Making It Stick - Healthcare CRM Adoption

Making It Stick – Healthcare CRM Adoption

Let’s face it: one of the least favorite tasks of senior living sales and marketing professionals is updating their lead management database or healthcare CRM.

They prefer building relationships with seniors, families, and professionals. Or maybe they gain energy from personal interactions rather than administrative tasks. Entering data, updating notes, and documenting activities . . . not so much. However, for sales managers, this documentation is crucial to identifying trends, barriers, and opportunities. Not to mention creating effective strategies.

Reduce resistance and improve healthcare CRM adoption:

1. Create a User Advisory Board

Include all user groups and stakeholders in the vetting and decision-making process. Create focus groups comprised of community, regional, and corporate sales and operations team members.

  • Assess. Make a list of everything that the team likes and dislikes about what they are using. Ask each group to make a list of their “hopes and dreams.” Sometimes teams are more comfortable using a terrible system that they know and despise rather than making a change to a better solution. Why? Fear of change. Or concerns about losing their job.
  • Brainstorm. Create a wish list of features and functions that would make their jobs easier. Ideas include intuitive user experience to simplify data entry, automated lead integration with website, live chat,  goal setting, quick links to social media, integration with training resources, and document libraries. Dream big. This is an important decision!
  • Test. When you get to the testing stage with vendors, select a representative sampling from the advisory board to have them test and provide feedback. Always include your lowest-tech community user. Because if it is too complex at that level, then none of the fancy reports, dashboards, or bells and whistles will matter.  Provide each tester with prospect info to enter. Test the steps throughout the sales process. Think documenting advances, adding notes, scheduling tours, and so forth.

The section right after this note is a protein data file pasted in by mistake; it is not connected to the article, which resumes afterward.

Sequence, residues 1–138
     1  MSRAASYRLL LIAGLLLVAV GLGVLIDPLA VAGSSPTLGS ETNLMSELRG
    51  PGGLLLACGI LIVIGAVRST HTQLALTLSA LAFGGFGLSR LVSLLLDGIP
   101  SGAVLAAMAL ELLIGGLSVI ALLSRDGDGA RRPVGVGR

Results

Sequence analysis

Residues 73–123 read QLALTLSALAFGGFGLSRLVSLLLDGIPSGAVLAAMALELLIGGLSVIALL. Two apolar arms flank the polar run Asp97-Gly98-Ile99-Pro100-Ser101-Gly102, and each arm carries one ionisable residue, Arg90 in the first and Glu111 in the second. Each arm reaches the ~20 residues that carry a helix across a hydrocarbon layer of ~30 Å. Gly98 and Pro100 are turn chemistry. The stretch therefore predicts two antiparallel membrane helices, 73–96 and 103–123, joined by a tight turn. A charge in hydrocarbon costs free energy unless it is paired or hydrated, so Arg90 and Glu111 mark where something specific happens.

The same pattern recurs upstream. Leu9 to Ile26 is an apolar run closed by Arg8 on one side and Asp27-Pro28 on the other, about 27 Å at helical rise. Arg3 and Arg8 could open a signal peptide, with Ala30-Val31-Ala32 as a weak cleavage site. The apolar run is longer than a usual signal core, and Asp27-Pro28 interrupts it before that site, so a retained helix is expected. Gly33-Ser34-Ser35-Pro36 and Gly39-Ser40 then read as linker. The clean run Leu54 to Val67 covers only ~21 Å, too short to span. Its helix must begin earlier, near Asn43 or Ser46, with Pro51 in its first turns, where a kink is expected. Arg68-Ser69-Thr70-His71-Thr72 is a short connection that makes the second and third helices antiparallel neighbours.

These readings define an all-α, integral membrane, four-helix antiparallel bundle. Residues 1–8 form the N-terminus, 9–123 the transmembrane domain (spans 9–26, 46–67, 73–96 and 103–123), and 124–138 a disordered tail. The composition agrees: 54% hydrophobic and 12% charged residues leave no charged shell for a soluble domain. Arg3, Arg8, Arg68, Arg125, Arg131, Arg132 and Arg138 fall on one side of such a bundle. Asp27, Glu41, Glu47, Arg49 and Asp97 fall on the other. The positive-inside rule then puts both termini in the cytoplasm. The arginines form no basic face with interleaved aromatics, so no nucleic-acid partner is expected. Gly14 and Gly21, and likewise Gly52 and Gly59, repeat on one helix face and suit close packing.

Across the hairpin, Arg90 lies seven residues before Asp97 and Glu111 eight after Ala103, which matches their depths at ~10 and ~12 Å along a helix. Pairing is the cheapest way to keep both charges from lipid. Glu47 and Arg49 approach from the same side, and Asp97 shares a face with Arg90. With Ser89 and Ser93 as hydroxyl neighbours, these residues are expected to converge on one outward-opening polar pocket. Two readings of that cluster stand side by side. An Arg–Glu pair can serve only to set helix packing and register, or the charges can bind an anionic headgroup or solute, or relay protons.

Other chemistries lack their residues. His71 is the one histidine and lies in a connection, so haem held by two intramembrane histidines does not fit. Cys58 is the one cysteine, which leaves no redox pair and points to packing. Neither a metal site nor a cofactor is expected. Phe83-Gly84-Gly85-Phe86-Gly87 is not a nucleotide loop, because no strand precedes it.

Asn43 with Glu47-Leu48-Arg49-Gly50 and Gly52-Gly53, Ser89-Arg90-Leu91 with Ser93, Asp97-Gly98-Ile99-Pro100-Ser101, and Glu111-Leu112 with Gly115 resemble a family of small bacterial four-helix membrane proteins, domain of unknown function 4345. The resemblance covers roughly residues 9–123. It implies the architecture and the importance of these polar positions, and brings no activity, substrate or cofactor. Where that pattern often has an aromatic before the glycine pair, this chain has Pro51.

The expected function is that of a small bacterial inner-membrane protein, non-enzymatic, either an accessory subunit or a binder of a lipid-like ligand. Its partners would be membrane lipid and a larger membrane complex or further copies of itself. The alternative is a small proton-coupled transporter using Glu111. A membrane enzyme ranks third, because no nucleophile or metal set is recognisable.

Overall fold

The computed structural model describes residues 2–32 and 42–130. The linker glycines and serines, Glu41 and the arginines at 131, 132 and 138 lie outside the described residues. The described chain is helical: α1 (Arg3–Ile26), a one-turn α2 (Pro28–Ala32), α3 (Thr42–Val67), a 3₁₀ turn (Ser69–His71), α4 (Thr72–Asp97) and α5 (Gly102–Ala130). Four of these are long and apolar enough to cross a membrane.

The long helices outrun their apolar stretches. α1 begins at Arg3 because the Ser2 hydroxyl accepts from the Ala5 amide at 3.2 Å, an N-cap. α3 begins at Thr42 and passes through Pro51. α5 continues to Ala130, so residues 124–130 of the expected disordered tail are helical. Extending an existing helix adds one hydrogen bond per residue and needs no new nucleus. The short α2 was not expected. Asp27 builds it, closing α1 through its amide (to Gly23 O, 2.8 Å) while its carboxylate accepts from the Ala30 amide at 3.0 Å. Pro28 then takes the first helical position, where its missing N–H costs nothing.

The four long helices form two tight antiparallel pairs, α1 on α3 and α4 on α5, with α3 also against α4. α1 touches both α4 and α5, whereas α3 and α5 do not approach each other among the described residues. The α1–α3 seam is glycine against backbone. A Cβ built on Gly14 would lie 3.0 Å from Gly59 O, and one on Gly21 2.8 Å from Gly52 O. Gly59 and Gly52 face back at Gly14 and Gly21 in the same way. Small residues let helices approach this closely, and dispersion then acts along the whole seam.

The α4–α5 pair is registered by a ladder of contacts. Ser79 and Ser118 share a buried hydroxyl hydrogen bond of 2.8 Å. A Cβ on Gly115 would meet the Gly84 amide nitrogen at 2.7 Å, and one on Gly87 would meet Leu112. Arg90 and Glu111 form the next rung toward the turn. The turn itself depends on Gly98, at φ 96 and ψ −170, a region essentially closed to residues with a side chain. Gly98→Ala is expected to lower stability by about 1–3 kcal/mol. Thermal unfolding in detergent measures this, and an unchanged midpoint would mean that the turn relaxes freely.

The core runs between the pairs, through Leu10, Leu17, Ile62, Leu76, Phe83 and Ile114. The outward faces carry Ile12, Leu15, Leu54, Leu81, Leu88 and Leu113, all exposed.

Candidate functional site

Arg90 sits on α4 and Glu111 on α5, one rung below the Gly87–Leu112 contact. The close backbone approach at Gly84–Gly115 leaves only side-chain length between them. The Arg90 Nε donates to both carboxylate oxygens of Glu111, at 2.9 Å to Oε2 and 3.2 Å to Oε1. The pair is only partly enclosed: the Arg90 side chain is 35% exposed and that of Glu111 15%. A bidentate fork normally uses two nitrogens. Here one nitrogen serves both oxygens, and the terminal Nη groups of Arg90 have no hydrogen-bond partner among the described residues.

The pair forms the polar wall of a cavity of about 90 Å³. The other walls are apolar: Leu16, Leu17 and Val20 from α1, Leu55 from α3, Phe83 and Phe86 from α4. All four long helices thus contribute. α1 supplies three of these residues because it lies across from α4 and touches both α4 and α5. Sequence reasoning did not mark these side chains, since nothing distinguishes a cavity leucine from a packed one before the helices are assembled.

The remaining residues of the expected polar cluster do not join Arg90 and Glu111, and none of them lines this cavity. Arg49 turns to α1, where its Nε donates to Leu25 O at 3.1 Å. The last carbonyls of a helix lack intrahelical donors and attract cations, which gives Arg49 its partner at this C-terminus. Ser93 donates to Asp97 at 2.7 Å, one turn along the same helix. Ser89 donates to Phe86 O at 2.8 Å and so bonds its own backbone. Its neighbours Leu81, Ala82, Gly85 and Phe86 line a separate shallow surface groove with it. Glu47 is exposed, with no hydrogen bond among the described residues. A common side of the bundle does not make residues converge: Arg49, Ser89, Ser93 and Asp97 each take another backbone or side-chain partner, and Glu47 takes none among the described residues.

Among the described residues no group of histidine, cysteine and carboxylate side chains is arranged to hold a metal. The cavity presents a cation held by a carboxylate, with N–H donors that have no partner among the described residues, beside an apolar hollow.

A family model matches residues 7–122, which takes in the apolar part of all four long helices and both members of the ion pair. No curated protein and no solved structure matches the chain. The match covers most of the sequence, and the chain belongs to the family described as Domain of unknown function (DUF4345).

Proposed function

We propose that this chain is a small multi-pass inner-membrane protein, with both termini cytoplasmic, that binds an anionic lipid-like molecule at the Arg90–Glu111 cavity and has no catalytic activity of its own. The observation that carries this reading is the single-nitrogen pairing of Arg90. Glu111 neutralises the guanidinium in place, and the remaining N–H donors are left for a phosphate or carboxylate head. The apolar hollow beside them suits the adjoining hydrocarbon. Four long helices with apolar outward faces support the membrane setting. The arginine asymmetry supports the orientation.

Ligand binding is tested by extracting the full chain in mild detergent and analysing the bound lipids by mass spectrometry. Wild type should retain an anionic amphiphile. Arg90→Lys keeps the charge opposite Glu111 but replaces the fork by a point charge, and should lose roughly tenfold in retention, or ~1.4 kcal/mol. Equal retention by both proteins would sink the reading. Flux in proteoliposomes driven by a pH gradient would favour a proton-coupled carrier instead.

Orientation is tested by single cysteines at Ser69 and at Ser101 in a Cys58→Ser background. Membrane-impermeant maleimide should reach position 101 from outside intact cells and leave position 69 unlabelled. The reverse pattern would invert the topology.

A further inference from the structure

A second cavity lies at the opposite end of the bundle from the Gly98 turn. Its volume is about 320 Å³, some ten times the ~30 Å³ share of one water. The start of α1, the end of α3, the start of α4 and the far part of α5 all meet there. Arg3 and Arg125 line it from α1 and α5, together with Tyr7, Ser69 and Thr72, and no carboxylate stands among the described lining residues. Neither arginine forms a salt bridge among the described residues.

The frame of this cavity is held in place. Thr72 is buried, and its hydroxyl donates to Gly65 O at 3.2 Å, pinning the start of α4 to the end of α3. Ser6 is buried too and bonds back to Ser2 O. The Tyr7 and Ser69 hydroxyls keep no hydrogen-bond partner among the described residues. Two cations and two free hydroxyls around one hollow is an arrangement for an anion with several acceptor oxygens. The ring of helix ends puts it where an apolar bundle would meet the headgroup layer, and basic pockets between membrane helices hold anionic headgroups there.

Be Mindful Regarding Your Healthcare CRM Selection

  • Compare. Take the feedback from the focus groups and look for commonalities. Select a CRM that meets everyone’s needs. Each user group needs to get a win—something that saves them time, makes documentation easy, integrates systems etc.
  • Alignment. One of the most important considerations is to align your new CRM with your sales culture. For example, if your goal is to motivate your sales team to spend time developing relationships with prospects and referral sources, the CRM should have the ability to measure and reward for that behavior. If your sales culture is more task, activity, and conversion ratio-driven, select a CRM that provides that data in real time. Your CRM won’t stick if your sales culture and training says one thing, and your CRM measures something else. Your sales team will always behave according to the structure of the CRM rather than the culture and training.

Selecting the Healthcare CRM Isn’t Enough

Once you’ve made your selection, you need to prepare your team for implementation. Here’s what to do.

  • Training & Reinforcement. Budget generously for the rollout! If possible, use a training center to train small groups outside of the community setting to limit distractions and interruptions. It usually takes two to three days for the initial training. Day one is a reinforcement of your sales culture and training to create alignment with the new CRM. This can be done in a community setting. You’ll then need a full day of classroom training using a test site to practice entering leads and explore all the features and functions. Day 3 can be either a half day or whole day training to demonstrate report functions, dashboards, and more sophisticated features, such as marketing automation. Users should leave this initial training feeling competent and confident. Schedule ongoing training sessions using remote screen sharing as well as open hours and help desks for questions.